This thesis explores the processes of decision-making in public-private innovation collaborations (PPI), and the consequences of the decisions on the development and sale of the innovative product. This statement of purpose is examined in four PPI-cases, all based in the Capital Region. The cases are as follows: robot-arms in the bio-clinical department at Gentofte Hospital, Tag, Track, & Trace, a new psychiatric bed, and comforting lighting solutions in delivery rooms. We have interviewed a representative from both the public and the private party in each case, in order to get a wide perspective on the decisions made in relation to development and sale of the innovative product created in collaboration. The case-study data is interpreted in the light of law regulations for public procurement and guidelines for PPI in the Capital Region. Furthermore the decision-processes are interpreted in a theoretical perspective. Decision-making is described as functioning within a garbage can model, where decisions are made out of four streams: problems, solutions, participants, and choice opportunities. These streams are independent but interrelated, and all are present in each decision made. We identify each PPI as a process in which several decisions are made, which means there are several streams in each case. The analysis is structured as the garbage can model, thus each case is analysed in relation to problems, solutions, participants and choice opportunities, followed by a comparative analysis of the cases. The thesis concludes that the rules of public procurement have both positive and negative consequences dependent on how the participants in the PPI-project interpret the law’s possibilities. Furthermore, it is concluded that the participants in PPI-projects are essential to which decisions that are made in relation to development and sale, because the participants often are connected to one special problem or solution. This also means that the development and sale of the innovative product is especially dependent on which participants that are involved in the decision-making. The participants are additionally limited in choice opportunities dependent on the size of the cooperation. In three out of four cases the private party were a small company, which means they are dependent on immediate revenue from the project. In the fourth case the private party is a large company with additional resources. This means that the consequences of decisions made about sale are relatively larger for small companies than large companies.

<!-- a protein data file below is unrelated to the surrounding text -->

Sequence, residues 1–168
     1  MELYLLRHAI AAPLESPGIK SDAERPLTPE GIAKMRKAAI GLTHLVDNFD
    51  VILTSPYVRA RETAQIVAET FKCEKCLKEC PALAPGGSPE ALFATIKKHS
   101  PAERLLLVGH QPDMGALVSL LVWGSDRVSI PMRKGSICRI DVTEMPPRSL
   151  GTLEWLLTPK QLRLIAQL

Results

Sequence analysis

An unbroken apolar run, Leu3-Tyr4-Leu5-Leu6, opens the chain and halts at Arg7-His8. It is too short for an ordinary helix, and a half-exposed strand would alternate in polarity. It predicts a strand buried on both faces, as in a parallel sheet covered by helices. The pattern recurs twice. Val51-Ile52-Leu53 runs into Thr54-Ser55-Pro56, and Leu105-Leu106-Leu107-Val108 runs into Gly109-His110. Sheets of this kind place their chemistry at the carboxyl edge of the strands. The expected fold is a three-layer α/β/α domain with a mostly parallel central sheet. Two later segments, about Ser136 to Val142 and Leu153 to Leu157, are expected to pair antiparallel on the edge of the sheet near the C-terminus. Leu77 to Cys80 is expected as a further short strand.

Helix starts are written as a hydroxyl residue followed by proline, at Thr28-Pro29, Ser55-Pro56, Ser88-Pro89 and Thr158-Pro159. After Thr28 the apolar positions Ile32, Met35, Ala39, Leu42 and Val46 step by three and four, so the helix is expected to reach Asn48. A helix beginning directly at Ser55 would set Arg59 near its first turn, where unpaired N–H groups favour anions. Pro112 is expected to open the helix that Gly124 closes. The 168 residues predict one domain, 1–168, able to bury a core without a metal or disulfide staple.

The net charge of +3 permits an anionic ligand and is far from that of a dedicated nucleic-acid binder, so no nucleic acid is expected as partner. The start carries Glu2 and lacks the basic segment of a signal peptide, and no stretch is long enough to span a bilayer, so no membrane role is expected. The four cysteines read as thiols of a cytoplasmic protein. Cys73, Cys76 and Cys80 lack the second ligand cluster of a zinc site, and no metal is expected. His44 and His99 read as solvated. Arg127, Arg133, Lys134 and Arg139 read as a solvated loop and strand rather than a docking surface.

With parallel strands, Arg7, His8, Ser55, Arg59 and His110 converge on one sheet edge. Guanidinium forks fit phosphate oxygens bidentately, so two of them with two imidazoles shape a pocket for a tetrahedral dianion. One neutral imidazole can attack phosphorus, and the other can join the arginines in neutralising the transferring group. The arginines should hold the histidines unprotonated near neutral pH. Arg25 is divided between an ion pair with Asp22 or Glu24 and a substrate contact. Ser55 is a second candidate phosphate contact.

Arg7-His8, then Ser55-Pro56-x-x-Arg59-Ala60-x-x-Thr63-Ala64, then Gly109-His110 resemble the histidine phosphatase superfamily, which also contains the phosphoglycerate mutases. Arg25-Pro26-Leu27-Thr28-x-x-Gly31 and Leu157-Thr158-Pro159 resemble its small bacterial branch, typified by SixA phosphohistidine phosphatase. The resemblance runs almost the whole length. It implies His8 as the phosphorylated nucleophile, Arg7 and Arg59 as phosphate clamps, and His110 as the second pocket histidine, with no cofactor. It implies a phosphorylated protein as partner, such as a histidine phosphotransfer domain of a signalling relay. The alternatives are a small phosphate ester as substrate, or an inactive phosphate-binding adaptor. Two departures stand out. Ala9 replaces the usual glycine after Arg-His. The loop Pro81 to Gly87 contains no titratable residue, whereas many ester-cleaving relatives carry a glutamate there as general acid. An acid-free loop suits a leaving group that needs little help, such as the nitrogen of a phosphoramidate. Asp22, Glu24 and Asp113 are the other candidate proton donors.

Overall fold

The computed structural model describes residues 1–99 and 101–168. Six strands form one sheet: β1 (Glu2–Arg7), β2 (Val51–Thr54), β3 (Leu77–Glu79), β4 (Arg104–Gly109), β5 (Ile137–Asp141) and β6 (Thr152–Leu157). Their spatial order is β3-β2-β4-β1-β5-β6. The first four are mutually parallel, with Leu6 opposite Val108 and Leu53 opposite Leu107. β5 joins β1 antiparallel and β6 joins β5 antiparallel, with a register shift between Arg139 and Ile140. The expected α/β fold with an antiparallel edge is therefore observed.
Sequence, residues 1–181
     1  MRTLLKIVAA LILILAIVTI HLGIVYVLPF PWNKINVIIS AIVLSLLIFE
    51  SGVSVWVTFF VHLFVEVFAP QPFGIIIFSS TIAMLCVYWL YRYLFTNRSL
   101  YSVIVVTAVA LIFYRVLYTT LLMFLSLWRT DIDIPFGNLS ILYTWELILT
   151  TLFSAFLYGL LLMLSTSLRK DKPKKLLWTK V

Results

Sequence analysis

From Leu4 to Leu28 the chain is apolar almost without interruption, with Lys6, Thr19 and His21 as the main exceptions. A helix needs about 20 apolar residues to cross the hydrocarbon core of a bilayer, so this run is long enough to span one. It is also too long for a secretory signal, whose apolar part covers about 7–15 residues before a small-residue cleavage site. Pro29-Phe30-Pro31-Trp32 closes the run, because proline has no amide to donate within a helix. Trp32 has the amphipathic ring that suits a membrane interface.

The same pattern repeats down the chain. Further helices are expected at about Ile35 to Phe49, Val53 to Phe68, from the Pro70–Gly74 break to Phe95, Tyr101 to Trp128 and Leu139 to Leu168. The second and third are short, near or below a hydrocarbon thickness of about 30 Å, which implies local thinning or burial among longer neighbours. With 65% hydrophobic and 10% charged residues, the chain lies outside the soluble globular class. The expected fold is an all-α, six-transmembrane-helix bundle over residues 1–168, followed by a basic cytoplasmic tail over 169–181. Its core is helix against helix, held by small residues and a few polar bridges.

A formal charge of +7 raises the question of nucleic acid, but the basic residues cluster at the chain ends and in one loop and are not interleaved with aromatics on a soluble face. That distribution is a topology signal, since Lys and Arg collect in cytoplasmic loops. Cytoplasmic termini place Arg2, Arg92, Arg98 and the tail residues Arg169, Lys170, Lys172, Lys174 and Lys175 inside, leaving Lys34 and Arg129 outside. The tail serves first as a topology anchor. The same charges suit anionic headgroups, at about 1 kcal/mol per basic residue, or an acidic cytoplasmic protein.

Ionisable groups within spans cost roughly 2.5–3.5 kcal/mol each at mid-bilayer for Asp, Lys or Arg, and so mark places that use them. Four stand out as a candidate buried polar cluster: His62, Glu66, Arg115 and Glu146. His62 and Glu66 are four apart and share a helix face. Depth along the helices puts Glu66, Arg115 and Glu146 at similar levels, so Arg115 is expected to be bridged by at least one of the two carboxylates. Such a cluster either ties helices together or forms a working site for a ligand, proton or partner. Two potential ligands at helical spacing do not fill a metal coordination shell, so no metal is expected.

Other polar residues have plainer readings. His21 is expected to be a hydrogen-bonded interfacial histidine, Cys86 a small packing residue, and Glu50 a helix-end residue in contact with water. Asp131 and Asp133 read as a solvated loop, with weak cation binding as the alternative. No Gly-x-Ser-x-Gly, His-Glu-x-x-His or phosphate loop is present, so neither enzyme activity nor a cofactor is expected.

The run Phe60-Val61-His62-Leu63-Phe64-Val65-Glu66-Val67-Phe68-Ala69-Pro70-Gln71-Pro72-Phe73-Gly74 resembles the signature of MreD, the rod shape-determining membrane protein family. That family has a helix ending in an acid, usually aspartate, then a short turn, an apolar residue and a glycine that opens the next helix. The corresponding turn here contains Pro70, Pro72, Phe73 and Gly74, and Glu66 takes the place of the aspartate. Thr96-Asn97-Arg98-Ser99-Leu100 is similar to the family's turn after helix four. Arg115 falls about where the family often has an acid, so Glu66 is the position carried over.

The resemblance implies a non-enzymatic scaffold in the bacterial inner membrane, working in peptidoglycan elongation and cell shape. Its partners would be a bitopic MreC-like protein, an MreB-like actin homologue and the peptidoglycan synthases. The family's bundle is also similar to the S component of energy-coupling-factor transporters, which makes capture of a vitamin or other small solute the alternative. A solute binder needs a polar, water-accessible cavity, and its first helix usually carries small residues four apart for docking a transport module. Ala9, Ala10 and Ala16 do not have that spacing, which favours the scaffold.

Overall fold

|Uddannelser||Forvaltning, (Bachelor/kandidatuddannelse) Kandidat|
|Udgivelsesdato||28 jan. 2016|
|Vejledere||Ole Helby Petersen|